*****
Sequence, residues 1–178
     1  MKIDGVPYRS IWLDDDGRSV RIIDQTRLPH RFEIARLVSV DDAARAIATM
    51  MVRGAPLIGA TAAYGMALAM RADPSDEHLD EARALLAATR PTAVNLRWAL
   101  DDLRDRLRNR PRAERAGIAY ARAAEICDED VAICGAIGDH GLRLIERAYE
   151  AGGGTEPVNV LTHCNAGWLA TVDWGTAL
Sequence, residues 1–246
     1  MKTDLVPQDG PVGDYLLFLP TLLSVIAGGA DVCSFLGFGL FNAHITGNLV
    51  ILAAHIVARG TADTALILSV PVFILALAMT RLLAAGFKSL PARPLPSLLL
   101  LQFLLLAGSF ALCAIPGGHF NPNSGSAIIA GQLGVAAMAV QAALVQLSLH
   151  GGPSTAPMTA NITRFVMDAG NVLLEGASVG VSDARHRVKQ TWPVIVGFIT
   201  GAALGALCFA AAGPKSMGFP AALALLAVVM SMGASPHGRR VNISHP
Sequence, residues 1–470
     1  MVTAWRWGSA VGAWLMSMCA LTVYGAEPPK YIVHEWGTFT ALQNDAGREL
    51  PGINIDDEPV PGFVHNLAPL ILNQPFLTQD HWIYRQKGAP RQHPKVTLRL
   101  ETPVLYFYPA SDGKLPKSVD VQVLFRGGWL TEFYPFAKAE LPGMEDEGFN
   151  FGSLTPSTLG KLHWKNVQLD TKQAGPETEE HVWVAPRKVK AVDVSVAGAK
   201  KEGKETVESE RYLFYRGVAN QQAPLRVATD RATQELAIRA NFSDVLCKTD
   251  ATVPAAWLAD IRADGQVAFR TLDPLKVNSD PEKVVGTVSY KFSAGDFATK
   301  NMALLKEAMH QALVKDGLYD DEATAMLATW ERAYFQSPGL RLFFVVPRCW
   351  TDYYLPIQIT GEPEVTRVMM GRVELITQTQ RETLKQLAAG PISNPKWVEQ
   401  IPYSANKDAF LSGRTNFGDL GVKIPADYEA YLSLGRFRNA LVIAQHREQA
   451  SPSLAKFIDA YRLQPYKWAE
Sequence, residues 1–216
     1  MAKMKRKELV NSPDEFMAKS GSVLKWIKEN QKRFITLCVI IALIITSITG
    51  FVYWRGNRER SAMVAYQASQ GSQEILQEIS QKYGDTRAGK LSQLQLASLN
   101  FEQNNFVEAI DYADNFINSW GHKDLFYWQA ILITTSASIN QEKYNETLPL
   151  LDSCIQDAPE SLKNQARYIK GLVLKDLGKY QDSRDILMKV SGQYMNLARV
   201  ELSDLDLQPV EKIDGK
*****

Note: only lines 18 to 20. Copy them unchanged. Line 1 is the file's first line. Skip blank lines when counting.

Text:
   251  ATVPAAWLAD IRADGQVAFR TLDPLKVNSD PEKVVGTVSY KFSAGDFATK
   301  NMALLKEAMH QALVKDGLYD DEATAMLATW ERAYFQSPGL RLFFVVPRCW
   351  TDYYLPIQIT GEPEVTRVMM GRVELITQTQ RETLKQLAAG PISNPKWVEQ